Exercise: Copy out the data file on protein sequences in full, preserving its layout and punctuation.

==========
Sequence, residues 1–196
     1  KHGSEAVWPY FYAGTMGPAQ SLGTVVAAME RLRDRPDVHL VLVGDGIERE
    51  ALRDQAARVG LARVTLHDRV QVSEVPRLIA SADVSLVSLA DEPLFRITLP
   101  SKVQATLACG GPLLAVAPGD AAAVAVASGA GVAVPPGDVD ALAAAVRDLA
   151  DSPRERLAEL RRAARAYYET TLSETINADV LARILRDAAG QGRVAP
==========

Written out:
Sequence, residues 1–196
     1  KHGSEAVWPY FYAGTMGPAQ SLGTVVAAME RLRDRPDVHL VLVGDGIERE
    51  ALRDQAARVG LARVTLHDRV QVSEVPRLIA SADVSLVSLA DEPLFRITLP
   101  SKVQATLACG GPLLAVAPGD AAAVAVASGA GVAVPPGDVD ALAAAVRDLA
   151  DSPRERLAEL RRAARAYYET TLSETINADV LARILRDAAG QGRVAP